It’s that time of year – textbook sales are done until the second semester, and it’s the pre-Christmas retail season. I don’t know about you, but my sales have slowed significantly from what they were in mid-August to early September. Meanwhile, everyone on FBA forums and Facebook groups is talking Quarter 4 strategies. What’s a girl to do when Amazon book sales are slow?
1. Reprice Slow-Moving Inventory. This past week, I’ve been repricing 5-7 pages of inventory items a day. Some of these items were the first books I bought for FBA in April of this year, and I knew a lot less about sales rank and pricing. Some of these books will be great to have in stock for the second semester buying coming up in December-January. If I’m the only FBA seller, I’m willing to sit tight. If I’m on the third page of results for a 1 million rank item, I’ll drop my price so I show up on the first page of Prime-only offers.
2. Process All Backed-Up Inventory. Most of my inventory purchases are sent to Amazon FBA, but I usually have a pile of stuff that I chucked in the corner because it was too time-consuming to deal with on a day I wanted to get things done. Either I need to create a listing for the item (which I often procrastinate on), I need to find a weird-sized box, I need to send it to a different fulfillment center by itself, or I need to put it on Ebay because I messed up and it can’t be sold on Amazon. When my sales are slow, I want to make sure every single inventory item has the potential to make me money, which means I need to list it somewhere, whether that’s Amazon, Ebay, or Craigslist.
3. Stock Supplies You’ll Need for the Q4 Rush. This week I’ve devoted some funds to purchasing extra tape, boxes, labels, and poly bags I expect to need until the end of the year. I’ve also ordered extra shipping labels from UPS.
4. Look Into Other Product Lines To Complement Your Book Sales. I get a lot of book inventory at thrift stores. Recently, thanks to reading Stacy McCafferty’s Amazon Mom blog, I’ve been picking up plush I find unique stuffed animals in very good condition with the tags on. Plush is plentiful at thrift stores, too, just like books. Here are two of today’s finds, a Beethoven Dakin dog with the tags still attached (paid $1.97, will list for $49.95) and an Aramis Bear (paid $1.97, will list for $35).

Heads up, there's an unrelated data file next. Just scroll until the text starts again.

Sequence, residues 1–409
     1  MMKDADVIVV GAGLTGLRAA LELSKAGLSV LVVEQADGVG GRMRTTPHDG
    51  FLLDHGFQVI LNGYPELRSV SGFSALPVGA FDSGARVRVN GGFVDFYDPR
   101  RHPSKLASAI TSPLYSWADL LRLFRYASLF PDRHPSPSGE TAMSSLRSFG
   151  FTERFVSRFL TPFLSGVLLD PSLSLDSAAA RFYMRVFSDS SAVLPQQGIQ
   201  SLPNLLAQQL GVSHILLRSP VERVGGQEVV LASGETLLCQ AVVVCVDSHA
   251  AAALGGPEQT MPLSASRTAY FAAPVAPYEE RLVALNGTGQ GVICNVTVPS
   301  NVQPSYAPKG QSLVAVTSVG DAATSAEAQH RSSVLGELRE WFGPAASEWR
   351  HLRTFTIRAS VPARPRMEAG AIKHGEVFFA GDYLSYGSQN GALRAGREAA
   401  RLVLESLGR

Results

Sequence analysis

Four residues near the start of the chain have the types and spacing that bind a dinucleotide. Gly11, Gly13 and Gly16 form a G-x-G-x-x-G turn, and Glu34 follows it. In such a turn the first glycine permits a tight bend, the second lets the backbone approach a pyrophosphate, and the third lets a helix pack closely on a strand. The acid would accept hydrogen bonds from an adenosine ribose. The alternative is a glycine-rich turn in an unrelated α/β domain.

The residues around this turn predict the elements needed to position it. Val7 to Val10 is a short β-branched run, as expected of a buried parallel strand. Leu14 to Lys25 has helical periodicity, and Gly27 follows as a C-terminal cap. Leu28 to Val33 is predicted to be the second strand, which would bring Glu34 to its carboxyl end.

5. Make Some Money With Regional Grocery Items. Selling grocery items via Amazon FBA or Amazon Merchant-Fulfilled is another way to supplement the slow book season. I focus on selling food items available only in my area. Around the holidays, people get nostalgic for home and the foods of their youth. You can capitalize on that by offering niche food items through Amazon. Although I’ve had to create my own listing for regional food products I’ve picked up, it’s often paid off. I tend to merchant fulfill until I get a few sales, then switch to sending the items to FBA. To creat the listing, I take at least two photos, one of the front of the box and one of the ingredient label. I purchased a tri-fold, white, three-sided cardboard display at the dollar store, and placed a white piece of foam core under it to make a box. Set the item inside the box and take your photo in natural light (I used my iPhone).
6. Continue to Buy As Much Inventory As You Can. When sales are slow, it’s difficult to convince yourself to spend the available money on inventory. But when the money begins to roll in, so will the holiday crowds. If you source books at thrift or retail stores or even library book sales, you might find yourself getting frustrated by the traffic and the shoppers. Invest in inventory purchases you feel sure will sell now so you can stay out of the stores later.
7. Make Time for Self-Education & Goal Setting. Recently I invested in Chris Green’s Online Arbitrage book. I haven’t cracked it yet, but I’m going to be using the extra time I have this week to develop new strategies for growing my business in 2015. And now that I have 6 months of selling Amazon FBA under my belt, I’ll be setting strategic goals for my 2015 business.
EDIT: The Beethoven plush sold for $45, less than 3 weeks after posting! I had to create my own listing, which I don’t like to do for a one-off item, but I’d say it was worth it. Cha-Ching!